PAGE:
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The cry of many

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'I am one of the top (matric) achievers in the Province but I cannot get a bursary to study further.'

Rudi Venter obtained third place in the top 20 in the Northern Cape.

I ALWAYS thought I would one day be a married woman with a family. Growing up we always used to play “house, house” which entailed us being married moms with dozens of children – our dolls of course.

I remember years back there was a Sterns jewellery catalogue. In it were pictures of obviously engaged couples with their rings. We as kids used to choose someone in the catalogue and that is who we used to be, with their partners as our husband.

I remember some of the women’s names, but with age the memories of the men’s names have faded. Even the names of our “babies” are a distant blur.

I had my fair share of boyfriends, but none that I would really consider possible marriage material or the father of my children.

During this time, I remember my gran telling my mother that she needs to watch me as I would probably be the first one in the family to have children.

Matriculating at the age of 17, the last thing on my mind was marriage and children. All I wanted to do was “jol” and enjoy my life. I wanted to be independent and get out of the house to enjoy the things I was not allowed to do while at home.

I was young, carefree and thought I still had many years ahead of me to even start thinking about “getting in the family way”.

But, as you know, life does not stand still and when I wiped my eyes out I was in my early 40s.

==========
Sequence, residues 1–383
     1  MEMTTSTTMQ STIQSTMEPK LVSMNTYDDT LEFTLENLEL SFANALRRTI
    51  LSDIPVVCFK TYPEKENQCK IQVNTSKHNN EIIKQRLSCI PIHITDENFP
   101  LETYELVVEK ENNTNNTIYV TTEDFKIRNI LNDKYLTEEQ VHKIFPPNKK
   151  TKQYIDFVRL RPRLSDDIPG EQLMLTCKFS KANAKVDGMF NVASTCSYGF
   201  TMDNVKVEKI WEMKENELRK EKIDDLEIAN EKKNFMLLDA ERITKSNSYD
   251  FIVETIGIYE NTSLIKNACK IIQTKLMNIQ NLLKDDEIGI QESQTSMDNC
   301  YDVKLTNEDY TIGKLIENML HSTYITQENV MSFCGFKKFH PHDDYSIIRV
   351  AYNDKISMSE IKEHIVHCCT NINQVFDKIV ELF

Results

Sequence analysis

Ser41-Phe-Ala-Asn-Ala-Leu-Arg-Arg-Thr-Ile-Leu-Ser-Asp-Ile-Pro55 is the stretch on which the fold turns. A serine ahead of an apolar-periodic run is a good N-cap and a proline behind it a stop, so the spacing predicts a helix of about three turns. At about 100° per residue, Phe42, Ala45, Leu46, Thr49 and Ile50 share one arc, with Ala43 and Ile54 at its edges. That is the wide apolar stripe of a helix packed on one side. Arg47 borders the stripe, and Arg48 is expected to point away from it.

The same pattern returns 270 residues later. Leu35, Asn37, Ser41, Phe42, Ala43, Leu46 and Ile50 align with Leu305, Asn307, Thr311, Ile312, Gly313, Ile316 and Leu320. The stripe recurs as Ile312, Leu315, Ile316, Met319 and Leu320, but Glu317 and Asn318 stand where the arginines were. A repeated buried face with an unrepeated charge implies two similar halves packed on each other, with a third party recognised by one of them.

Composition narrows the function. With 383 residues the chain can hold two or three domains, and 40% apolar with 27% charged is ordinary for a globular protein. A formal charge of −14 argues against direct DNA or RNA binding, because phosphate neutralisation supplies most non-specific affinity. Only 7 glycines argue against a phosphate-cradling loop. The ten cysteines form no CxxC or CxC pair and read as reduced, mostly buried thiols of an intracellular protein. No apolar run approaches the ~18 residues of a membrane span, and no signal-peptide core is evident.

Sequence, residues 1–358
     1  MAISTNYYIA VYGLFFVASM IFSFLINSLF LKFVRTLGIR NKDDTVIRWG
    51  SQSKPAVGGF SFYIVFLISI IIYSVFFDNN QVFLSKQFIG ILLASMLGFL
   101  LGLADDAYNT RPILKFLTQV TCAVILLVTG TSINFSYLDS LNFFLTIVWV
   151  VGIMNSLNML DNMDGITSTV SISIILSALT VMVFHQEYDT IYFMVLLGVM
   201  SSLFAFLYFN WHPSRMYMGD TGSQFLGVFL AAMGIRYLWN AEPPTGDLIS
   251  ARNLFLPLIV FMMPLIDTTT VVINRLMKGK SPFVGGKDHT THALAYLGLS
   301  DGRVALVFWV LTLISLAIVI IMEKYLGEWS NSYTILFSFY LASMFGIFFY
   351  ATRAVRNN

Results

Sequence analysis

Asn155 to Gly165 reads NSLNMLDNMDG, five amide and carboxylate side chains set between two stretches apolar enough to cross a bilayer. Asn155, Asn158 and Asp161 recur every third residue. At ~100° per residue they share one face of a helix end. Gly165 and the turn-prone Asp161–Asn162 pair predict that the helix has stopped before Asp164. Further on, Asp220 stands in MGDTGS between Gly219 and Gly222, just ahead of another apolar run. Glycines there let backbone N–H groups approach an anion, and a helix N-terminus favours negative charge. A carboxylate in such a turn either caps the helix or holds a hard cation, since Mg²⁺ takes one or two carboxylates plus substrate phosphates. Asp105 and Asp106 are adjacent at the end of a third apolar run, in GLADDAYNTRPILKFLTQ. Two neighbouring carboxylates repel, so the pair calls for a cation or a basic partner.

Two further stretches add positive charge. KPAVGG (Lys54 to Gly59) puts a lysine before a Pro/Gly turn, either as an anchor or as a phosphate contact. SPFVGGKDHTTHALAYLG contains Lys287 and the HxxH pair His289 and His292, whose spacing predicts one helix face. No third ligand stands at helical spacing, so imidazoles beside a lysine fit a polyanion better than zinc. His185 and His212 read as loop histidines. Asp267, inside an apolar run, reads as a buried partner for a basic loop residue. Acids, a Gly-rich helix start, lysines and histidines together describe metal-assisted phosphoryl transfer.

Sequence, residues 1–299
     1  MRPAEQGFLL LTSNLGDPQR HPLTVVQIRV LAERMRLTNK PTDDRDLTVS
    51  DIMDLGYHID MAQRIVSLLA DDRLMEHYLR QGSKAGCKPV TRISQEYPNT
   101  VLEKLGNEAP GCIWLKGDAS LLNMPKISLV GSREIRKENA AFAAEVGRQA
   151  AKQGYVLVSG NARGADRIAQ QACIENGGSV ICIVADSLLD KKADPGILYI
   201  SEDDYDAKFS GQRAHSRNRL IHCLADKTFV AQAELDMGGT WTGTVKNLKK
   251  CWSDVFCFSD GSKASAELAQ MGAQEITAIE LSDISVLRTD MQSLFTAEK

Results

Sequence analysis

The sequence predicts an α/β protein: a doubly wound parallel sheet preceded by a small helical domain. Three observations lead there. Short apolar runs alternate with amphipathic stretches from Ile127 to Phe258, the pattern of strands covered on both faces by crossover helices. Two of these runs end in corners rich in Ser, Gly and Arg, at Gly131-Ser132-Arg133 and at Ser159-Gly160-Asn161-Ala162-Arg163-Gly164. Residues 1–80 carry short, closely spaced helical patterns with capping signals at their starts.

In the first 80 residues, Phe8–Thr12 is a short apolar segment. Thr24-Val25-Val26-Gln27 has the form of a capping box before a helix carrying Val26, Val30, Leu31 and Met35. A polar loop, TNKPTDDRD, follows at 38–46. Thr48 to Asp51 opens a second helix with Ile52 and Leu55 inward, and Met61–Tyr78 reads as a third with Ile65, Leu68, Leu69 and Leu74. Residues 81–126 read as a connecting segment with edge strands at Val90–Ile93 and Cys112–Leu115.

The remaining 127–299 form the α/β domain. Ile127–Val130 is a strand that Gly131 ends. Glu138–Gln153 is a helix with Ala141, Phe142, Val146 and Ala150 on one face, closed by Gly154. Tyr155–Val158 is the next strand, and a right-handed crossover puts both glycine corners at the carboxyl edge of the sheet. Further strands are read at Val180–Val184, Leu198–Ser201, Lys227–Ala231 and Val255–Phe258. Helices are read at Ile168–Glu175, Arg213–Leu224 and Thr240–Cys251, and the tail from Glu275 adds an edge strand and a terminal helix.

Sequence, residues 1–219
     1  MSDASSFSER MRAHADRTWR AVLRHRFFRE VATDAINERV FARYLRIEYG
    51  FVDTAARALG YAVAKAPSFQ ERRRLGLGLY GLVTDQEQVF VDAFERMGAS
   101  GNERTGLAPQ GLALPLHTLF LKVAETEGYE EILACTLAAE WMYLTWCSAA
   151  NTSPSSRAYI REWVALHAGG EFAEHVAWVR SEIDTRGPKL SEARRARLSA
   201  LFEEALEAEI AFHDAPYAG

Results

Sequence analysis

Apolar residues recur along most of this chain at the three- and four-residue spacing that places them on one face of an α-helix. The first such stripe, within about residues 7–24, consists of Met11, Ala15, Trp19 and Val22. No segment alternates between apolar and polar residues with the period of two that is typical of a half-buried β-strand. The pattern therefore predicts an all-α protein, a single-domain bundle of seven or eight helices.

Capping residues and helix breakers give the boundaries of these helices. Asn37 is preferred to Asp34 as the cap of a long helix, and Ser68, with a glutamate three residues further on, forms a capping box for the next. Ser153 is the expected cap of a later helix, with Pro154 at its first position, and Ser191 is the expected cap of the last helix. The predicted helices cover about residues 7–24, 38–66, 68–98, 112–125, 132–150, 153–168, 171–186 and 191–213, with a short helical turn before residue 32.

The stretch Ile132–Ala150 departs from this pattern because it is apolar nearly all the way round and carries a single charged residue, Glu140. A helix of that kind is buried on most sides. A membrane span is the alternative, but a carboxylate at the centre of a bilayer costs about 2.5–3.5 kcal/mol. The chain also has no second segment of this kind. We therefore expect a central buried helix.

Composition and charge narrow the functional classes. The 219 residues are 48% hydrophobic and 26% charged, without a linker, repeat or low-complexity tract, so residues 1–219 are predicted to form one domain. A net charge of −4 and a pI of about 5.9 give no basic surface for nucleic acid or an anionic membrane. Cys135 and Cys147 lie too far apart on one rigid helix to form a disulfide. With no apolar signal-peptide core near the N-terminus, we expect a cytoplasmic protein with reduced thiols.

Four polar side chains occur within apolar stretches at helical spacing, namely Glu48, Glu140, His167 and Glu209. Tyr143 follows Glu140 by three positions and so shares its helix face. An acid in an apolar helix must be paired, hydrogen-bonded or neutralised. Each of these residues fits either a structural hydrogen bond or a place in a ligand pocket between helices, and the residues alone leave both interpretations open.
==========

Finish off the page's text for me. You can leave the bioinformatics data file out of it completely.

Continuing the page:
That’s fine, I thought, look at Madonna, she had kids way into her 40s and she was OK.

Then reality hit and was told I had to have a hysterectomy. I would never have the children I had dreamed about.

I was semi-OK with that because I had all my nieces and nephews. It was, however, extremely devastating at the time.

However, I just need to look back at Wednesday’s matric awards ceremony and realise I am not wallowing in self-pity any longer.

Here children, despite their remarkable achievements, would still battle to continue their studies.

I just look at my family who are working their butts off just to pay for nieces and nephews to attend university.

One of the top three achievers in the Northern Cape also highlighted this fact.

“I am one of the top (matric) achievers in the Province but I cannot get a bursary to study further.

“I am going to study electrical engineering at Stellenbosch University, but at this stage I do not have a bursary to study and my father has to fund me.

“I have to get a 90% average to get 40% off my studies,” he said.

“I cannot move forward on my own. I need support.”

This is the cry of many.

So while you are working your fingers to the bone, you can’t even enjoy your child’s success.

How much of your child’s achievements have you been able to enjoy over the years?

How much quality time have you actually spent with your child?

That is why in some respects I really am glad I didn’t have children. I am already working my butt off just to be able to survive as a single person.

I will continue to enjoy my nieces and nephews and my already growing extended family.